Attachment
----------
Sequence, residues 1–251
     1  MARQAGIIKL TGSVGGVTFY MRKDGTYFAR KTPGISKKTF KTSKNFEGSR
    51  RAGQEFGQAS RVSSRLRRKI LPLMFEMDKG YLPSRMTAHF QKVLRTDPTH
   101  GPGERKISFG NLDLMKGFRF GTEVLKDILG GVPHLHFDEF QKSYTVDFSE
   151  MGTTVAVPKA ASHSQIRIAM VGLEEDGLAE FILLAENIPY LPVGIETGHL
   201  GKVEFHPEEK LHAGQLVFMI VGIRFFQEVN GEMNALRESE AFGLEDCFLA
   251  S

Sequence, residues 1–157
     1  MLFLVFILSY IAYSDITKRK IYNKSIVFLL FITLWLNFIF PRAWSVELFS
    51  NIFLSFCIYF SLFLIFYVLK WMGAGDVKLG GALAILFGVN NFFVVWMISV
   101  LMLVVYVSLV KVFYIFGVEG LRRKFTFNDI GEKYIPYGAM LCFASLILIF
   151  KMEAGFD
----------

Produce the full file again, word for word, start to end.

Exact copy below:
Sequence, residues 1–251
     1  MARQAGIIKL TGSVGGVTFY MRKDGTYFAR KTPGISKKTF KTSKNFEGSR
    51  RAGQEFGQAS RVSSRLRRKI LPLMFEMDKG YLPSRMTAHF QKVLRTDPTH
   101  GPGERKISFG NLDLMKGFRF GTEVLKDILG GVPHLHFDEF QKSYTVDFSE
   151  MGTTVAVPKA ASHSQIRIAM VGLEEDGLAE FILLAENIPY LPVGIETGHL
   201  GKVEFHPEEK LHAGQLVFMI VGIRFFQEVN GEMNALRESE AFGLEDCFLA
   251  S

Sequence, residues 1–157
     1  MLFLVFILSY IAYSDITKRK IYNKSIVFLL FITLWLNFIF PRAWSVELFS
    51  NIFLSFCIYF SLFLIFYVLK WMGAGDVKLG GALAILFGVN NFFVVWMISV
   101  LMLVVYVSLV KVFYIFGVEG LRRKFTFNDI GEKYIPYGAM LCFASLILIF
   151  KMEAGFD